She said I probably don’t use soap
which is why my skin is so dirty,
Why can’t I just wash my genes clean,
wear my face, arms, back, legs
in the shade like forsha girls.
I learned to hate the sun at a young age,
and my skin long before then.
No amount of scrubbing and bleach
could fade this dirt, this hurt,
would scrub my hands until hot water
scalded and fingers turned red
if i could sunburn,
and not turn brown instead.
I discerned confusion.
But you live in America, you should be white!
Sorry to disappoint.
That my straight A’s don’t stand for “Anglophile”
and I don’t fit your fair-complexioned profile.
California sunkissed skin
translates to it’ll be harder for you to find a man.
There was an uncle whom I had never met,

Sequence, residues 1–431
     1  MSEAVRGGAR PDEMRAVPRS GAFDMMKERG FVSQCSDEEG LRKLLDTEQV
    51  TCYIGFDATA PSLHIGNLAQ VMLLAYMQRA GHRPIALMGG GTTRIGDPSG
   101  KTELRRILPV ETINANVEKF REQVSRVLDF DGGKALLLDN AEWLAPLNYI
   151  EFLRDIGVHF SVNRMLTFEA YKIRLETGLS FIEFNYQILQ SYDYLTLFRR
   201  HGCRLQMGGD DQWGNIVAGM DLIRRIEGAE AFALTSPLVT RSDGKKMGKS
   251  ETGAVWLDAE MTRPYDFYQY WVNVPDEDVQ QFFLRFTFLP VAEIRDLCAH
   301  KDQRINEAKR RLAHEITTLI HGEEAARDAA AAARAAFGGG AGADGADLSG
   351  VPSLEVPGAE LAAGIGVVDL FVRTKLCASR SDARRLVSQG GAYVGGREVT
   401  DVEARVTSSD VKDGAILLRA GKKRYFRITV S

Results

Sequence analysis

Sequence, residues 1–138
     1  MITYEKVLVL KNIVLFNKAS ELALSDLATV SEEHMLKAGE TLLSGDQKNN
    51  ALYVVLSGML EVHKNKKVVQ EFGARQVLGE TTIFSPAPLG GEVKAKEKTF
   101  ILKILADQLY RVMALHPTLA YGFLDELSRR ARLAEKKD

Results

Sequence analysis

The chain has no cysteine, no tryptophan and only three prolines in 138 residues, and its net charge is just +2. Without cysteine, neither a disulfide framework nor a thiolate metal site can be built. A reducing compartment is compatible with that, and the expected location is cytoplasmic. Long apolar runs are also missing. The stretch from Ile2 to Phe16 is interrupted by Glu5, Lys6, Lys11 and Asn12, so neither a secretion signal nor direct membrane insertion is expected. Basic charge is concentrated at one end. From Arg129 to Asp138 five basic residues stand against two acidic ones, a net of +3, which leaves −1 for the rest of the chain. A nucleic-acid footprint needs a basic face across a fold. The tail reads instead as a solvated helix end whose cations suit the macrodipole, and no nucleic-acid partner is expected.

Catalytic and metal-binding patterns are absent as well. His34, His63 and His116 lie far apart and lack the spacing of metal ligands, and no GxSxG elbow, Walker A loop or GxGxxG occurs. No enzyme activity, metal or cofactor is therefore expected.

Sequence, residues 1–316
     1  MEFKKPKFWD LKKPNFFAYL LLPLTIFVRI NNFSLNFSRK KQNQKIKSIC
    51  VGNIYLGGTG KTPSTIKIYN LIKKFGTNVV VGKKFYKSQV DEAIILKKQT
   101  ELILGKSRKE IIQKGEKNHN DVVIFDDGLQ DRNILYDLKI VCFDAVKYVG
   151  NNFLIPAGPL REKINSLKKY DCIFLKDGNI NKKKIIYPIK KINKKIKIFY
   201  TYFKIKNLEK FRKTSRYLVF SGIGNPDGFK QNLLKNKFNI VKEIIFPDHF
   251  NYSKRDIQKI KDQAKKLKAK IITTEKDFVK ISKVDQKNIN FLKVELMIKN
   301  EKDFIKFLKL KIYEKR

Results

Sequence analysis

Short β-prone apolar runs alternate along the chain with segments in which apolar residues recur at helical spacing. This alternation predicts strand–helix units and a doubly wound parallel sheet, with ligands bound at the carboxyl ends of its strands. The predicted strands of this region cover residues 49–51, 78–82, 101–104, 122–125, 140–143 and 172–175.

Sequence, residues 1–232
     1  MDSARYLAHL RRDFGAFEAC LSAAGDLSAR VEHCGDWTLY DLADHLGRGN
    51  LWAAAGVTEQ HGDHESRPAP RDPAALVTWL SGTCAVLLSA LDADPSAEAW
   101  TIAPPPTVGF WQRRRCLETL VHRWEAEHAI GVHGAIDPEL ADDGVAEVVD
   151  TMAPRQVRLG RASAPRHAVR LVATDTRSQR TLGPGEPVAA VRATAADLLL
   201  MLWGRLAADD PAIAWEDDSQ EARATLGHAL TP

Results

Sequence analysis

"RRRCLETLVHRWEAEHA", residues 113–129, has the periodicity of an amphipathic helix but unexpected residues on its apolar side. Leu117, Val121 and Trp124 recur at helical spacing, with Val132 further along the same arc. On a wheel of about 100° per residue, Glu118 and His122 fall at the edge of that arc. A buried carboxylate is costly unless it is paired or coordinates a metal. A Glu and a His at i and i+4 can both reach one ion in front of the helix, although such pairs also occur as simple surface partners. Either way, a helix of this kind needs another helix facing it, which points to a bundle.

What was he like? I asked.
Not dark like he was broody, or found morbid humor amusing.
Not even tall, dark, and handsome
because that word doesn’t belong with the others—dark.
They say dark chocolate’s an acquired taste.
How long will it be before my bitter flesh
Then one day,
You look lighter than before!
and so I’m loved a little more.
The dark shadow crossing my dark eyes,
pales next to a paled cheek.
I can’t remember the color of my skin.
It grows dim, brown paper bag,
for you to wash me with color
or wash me clean.
Bleaches and creams,
I tried them all,
not eight years old,
but old enough to hate
this shamla chamra, ki nongra.
In my land of brown bodies,
I must be fair of skin to be lovely.
© Farhana J.
Farhana was born in Bangladesh and immigrated to the US as an infant. She grew up in California, living life on the hyphen. “Brown” was inspired by personal experiences of being a not-so-fair-and-lovely Bangladeshi girl. You can find more of her poetry at http://faeriehana.blogspot.com/
Submitted by Farhana